Went to my first BJJ Seminar today. It was crowded with too many people on the mat. It’s a good thing it was all technique, it would’ve been real bad rolling as it was full. At one point, the guy I was doing techniques with was involved in a three-person armbar pile-up: they all landed on each other as they finished their armbars!
Seminar was taught by a well decorated Gracie Barra black belt who is also a World and Pan-Am champion, and who I believe also taught my instructor. I went back and forth with myself whether I should name him and stuff, but I don’t really name anyone in this blog. I probably should start to be more open about it and start revealing more about myself, where I train, and who I train with (it’ll help me remember names too). In any case, I should start with myself first before I go ahead and start naming others. So until I get to that, no names in this blog.
Anyway, there wasn’t as many techniques taught as I expected, but we got the chance to really try the techniques out and try to get them right.
Techniques were a guard pass, a variation of the pass if your opponent gets half-guard which leads to an armbar, and two crazy (read: fancy) techniques that starts with guard, goes to upside-down guard, then ends in submissions. Needless to say, I had a hard time with the fancy stuff. The passes on the other hand, looked simple but were very effective.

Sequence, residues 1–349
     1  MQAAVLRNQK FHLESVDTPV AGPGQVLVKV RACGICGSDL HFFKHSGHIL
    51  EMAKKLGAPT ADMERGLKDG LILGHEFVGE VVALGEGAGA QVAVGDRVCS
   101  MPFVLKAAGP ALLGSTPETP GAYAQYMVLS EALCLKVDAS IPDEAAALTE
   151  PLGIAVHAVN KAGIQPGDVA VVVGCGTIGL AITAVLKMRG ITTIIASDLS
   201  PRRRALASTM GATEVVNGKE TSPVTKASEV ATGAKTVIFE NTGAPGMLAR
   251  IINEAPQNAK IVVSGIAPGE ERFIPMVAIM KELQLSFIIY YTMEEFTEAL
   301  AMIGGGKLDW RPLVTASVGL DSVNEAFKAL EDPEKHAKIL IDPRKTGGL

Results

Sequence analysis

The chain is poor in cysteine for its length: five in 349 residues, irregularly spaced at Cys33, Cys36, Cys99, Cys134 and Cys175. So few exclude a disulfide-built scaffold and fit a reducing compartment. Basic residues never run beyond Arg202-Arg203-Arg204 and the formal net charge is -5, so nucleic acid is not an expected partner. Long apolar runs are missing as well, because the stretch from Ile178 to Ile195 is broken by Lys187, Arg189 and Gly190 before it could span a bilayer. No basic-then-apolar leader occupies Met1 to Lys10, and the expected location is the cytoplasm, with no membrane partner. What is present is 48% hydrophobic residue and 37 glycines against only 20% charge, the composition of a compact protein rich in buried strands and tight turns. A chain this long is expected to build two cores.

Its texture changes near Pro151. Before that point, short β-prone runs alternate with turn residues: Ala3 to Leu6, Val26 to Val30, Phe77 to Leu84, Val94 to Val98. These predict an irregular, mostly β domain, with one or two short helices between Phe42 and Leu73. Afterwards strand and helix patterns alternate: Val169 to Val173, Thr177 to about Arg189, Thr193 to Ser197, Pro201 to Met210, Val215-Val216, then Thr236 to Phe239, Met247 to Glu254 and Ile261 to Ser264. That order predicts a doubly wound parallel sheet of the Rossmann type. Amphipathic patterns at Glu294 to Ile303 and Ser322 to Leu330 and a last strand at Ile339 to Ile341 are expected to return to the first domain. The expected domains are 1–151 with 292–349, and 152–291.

Somewhere in the middle he went into triangle defense. Basically, the best time to defend it is before it gets sunk. If it gets in deep, the chances to defend and escape become very, very slim. Posture is the best way to defend, then get a thumb-only grip with your free arm in your opponents lapel near the neck, stack and use the grip to choke your opponent and pass to side control. He was also telling us that he has the best triangle defense in the business (that’s BJJ business) and that the guy with the best triangle in Brazil (Pe de pano or something, I didn’t get the name) couldn’t even triangle him.
Anyway, I’ll try to illustrate the passes soon – those were techniques I’d really like to remember.